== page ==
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Semiotic aspects of human nonverbal vocalizations: A functional imaging study

Lookup NU author(s): Dr Kai Alter

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Abstract

Humans produce a variety of distinct nonverbal vocalizations. Whereas affective bursts, for example, laughter, have an intrinsic communicative role bound to social behavior, vegetative sounds, for example, snoring, just signal autonomic-physiological states. However, the latter events, for example, belching, may also be used as intentional communicative actions (vocal gestures), characterized by an arbitrary culture-dependent sound-to-meaning (semiotic) relationship, comparable to verbal utterances. Using a decision task, hemodynamic responses to affective bursts, vegetative sounds, and vocal gestures were measured by means of functional magnetic resonance imaging. Affective bursts elicited activation of anterior left superior temporal gyrus. In contrast, arbitrary vocal gestures yielded hemodynamic reactions of the left temporo-parietal junction. Conceivably, a listener's interpretation of nonverbal utterances as intentional events depends upon a left-hemisphere temporo-parietal 'auditory-to-meaning interface' related to our mechanisms of speech processing. © 2007 Lippincott Williams & Wilkins, Inc.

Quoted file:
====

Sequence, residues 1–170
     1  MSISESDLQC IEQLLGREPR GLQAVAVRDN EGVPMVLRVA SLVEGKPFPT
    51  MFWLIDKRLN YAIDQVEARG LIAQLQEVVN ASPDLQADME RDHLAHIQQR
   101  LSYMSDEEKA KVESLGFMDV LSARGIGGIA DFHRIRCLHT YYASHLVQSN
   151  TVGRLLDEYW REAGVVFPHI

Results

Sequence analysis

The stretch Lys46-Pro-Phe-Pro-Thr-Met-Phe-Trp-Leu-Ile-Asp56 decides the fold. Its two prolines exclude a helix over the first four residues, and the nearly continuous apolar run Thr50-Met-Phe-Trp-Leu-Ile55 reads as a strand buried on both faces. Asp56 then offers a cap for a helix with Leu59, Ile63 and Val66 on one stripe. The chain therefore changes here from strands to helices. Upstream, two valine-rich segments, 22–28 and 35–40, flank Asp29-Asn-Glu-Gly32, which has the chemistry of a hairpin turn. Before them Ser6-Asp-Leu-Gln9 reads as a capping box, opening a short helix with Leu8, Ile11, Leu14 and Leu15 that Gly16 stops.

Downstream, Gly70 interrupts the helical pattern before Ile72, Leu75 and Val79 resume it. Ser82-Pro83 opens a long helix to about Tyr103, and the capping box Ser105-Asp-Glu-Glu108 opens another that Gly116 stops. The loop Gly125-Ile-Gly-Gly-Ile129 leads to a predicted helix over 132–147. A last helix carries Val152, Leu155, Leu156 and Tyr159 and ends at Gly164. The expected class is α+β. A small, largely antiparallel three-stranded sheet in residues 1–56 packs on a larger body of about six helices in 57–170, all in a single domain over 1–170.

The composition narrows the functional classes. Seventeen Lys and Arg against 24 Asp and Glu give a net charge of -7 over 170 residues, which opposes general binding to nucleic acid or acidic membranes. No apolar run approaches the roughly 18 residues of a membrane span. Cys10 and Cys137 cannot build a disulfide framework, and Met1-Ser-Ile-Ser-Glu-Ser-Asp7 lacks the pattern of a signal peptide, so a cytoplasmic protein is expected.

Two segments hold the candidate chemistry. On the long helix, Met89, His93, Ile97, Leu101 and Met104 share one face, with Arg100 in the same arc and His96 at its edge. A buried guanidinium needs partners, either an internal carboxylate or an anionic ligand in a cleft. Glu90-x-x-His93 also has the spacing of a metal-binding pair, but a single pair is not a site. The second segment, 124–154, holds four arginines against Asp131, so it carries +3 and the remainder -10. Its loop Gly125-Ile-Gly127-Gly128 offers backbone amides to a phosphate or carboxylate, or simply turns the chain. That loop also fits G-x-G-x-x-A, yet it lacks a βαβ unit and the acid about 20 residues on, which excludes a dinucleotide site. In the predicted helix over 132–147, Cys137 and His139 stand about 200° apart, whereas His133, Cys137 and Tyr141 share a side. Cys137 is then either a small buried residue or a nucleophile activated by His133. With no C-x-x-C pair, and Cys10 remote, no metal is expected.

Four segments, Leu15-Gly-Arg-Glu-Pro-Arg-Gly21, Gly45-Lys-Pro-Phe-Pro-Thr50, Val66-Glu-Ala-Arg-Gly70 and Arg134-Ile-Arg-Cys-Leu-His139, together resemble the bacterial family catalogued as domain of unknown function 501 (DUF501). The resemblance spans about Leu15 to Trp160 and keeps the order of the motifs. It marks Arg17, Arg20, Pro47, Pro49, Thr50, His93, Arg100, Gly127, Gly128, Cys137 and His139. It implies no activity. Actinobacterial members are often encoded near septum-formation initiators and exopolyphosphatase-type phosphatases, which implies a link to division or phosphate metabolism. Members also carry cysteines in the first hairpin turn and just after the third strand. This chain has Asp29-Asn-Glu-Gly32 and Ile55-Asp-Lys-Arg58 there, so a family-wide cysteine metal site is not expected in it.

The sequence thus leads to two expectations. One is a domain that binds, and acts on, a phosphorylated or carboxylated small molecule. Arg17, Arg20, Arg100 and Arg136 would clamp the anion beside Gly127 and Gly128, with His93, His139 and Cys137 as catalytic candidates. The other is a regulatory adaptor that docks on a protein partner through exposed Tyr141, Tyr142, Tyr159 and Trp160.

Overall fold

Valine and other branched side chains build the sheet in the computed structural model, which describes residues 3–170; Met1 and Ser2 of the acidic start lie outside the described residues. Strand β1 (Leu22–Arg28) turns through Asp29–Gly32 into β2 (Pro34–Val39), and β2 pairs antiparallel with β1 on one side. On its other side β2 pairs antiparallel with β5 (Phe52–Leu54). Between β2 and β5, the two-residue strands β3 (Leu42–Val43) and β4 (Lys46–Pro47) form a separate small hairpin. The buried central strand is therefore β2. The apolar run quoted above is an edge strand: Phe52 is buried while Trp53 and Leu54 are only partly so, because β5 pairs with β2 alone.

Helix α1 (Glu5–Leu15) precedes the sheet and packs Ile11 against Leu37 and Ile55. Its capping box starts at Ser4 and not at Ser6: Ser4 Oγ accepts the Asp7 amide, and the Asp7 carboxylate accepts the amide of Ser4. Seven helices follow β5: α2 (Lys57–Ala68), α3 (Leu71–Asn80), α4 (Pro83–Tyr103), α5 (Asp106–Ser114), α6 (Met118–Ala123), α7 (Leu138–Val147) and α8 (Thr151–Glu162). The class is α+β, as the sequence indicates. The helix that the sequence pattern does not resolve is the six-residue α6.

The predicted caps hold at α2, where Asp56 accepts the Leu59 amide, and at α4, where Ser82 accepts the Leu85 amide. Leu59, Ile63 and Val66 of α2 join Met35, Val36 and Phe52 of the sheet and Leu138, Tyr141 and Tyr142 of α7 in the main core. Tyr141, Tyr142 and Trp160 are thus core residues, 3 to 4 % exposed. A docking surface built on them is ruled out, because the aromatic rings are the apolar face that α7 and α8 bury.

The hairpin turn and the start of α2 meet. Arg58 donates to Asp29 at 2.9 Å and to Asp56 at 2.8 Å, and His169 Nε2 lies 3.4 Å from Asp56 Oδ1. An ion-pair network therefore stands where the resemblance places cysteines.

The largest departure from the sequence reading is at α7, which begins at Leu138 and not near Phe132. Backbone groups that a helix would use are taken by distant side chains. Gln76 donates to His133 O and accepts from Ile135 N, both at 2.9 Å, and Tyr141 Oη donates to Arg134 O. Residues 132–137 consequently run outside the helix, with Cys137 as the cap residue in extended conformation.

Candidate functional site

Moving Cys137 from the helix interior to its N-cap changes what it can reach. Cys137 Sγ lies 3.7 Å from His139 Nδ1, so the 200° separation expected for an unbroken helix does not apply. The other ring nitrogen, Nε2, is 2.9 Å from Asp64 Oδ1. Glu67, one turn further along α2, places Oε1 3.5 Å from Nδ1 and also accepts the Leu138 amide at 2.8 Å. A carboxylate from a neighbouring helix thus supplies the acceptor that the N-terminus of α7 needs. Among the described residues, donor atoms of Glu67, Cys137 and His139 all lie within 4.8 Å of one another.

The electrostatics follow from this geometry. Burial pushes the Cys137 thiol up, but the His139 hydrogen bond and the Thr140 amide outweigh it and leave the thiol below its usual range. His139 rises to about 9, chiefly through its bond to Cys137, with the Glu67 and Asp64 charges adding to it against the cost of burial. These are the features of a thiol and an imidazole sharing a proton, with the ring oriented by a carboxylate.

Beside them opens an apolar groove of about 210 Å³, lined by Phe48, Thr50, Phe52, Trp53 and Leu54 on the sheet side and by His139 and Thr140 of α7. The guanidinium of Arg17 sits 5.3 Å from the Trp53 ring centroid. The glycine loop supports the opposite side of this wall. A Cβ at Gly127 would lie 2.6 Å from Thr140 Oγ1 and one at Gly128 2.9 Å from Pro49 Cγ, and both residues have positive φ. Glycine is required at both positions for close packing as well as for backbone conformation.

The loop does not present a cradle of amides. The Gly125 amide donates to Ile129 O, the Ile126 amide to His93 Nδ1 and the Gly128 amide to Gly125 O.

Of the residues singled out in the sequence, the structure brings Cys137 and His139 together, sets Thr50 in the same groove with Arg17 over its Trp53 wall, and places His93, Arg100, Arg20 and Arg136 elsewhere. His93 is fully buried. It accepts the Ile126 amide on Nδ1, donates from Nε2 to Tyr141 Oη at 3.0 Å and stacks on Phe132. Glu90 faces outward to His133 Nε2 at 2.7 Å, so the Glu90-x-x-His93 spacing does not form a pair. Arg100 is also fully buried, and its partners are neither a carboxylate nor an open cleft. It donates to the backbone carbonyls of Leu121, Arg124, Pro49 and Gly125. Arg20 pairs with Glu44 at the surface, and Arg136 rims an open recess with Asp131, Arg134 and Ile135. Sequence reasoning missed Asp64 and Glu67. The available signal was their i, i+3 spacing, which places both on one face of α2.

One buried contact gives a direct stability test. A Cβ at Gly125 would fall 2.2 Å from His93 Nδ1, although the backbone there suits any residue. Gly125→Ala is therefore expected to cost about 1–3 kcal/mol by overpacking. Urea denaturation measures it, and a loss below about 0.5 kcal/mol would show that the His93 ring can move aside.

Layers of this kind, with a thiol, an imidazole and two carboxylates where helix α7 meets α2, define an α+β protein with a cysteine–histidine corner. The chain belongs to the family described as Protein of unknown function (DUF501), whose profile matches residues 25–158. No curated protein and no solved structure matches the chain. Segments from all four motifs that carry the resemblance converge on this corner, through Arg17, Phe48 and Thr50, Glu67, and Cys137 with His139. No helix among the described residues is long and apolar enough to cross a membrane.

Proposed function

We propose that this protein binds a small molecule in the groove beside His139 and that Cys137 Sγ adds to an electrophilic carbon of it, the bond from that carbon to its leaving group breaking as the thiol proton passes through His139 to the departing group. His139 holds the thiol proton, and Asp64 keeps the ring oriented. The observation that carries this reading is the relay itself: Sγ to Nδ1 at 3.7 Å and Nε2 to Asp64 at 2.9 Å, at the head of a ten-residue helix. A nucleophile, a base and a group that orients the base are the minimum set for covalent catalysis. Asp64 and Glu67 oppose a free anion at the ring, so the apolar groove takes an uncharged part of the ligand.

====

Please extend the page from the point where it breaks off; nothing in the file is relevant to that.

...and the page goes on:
Publication metadata

Author(s): Dietrich S, Hertrich I, Alter K, Ischebeck A, Ackermann H

Publication type: Article

Publication status: Published

Journal: NeuroReport

Year: 2007

Volume: 18

Issue: 18

Pages: 1891-1894

Print publication date: 01/12/2007

ISSN (print): 0959-4965

ISSN (electronic): 1473-558X

Publisher: Lippincott Williams & Wilkins

URL: http://dx.doi.org/10.1097/WNR.0b013e3282f290df

DOI: 10.1097/WNR.0b013e3282f290df

PubMed id: 18007181


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